On the 14th October the Court of Appeal handed down the long awaited decision of Roocroft v Ball.
Thye background of the case was that Helen Roocroft and Carol Ainscow's civil partnership came to an end in 2010. Miss Ainscow appeared on The Times "Rich List" in 2009 however claimed in 2010 at the time of the separation that due to the recession her wealth had decreased the and as a result only a fraction was available to share with Miss Roocroft following their 19 year relationship.
Due to Miss Roocrofts financial position she was unable fight the case and settled for a claim which provided her with a small capital sum of £162,000
Following the death of Miss Ainscow in 2013, Miss Roocroft alleged that her estate was worth more that disclosed during court proceedings in 2010 arguing that she had hidden more that £6millions worth of assets. She then applied to the court to set aside the original order from 2010 and sought a greater financial provision from Miss Ainscows estate.
The estate of Miss Ainscow made an application to strike out the application, this was successful as His Honour Judge Barnett was of the opinion that Miss Roocroft had entered in to the original deal with her eyes wide open.
Miss Roocroft appealed the decision and the matter was referred to the Court of Appeal. It found that the court had no jurisdiction to dismiss the case without further investigation and has reverted the case back to the family court for reconsideration.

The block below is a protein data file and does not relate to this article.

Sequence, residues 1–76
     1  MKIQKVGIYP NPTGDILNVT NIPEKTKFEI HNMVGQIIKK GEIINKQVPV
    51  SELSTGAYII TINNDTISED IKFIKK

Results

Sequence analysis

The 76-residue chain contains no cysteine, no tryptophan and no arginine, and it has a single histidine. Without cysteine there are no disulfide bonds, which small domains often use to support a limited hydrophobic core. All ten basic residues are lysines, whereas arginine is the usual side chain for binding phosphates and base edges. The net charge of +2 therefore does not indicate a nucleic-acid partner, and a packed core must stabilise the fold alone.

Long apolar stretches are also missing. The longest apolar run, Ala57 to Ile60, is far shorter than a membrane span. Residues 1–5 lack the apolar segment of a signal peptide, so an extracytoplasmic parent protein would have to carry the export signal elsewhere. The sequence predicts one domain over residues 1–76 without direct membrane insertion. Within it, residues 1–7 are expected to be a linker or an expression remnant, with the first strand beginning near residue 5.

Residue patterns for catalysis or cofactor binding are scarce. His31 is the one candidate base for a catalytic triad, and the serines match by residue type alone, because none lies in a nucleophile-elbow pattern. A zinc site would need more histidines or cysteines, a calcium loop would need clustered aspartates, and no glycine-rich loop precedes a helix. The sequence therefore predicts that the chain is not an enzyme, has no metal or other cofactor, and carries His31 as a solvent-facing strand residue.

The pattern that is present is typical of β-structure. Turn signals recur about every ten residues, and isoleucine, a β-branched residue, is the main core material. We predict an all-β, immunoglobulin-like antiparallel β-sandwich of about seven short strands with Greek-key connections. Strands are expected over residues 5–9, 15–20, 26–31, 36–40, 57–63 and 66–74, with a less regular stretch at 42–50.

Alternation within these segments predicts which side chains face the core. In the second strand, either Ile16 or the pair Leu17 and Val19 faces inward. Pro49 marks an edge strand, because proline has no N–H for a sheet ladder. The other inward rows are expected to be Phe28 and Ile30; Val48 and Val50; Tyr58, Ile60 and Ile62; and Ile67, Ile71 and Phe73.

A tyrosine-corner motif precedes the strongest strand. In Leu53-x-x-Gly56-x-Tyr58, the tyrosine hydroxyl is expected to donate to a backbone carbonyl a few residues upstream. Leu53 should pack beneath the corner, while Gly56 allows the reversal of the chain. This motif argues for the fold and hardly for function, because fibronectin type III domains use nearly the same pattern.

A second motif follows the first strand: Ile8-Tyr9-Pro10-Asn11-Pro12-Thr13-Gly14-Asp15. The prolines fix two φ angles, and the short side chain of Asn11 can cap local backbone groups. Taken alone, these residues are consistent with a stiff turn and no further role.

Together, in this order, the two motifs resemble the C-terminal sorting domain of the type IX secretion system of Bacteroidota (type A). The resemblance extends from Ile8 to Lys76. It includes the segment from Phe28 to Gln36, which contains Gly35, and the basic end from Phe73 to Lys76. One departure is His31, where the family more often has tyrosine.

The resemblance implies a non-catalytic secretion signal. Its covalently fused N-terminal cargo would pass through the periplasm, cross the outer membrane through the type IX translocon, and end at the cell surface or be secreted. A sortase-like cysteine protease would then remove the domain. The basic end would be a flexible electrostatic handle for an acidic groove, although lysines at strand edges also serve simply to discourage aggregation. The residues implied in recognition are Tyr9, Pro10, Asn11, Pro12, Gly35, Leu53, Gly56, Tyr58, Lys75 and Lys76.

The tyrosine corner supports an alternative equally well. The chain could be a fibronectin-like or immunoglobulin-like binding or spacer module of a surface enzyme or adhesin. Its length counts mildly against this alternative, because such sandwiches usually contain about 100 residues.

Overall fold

This is the latest in a long line of cases involving allegations of what the court refers to as "material non-disclosure" which in essence is failure to disclosure your assets to the court
In the recent cases Gohil v Gohil and Sharland v Sharland, the wives in both cases challened their divorce settlements after they discovered their husbands had misled them significantly as to their personal wealth. In both cases the wives were successful in setting aside their original divorce settlement on the basis that thier husbands were dishonest and deliberatley misled them and the courts.
The outcome of the above cases reinforces the importance of being open and honest when negotiating or litigating on family matters. These cases are leaving it open for partners to return to the court at a later date if it can be shown that the other party as deliberately misled the court as to their wealth.
If you require further advice and assistance on financial remedy during separation and divorce please do not hesitate to contact our matrimonial specialist solicitor Louise Neville on 01254 872272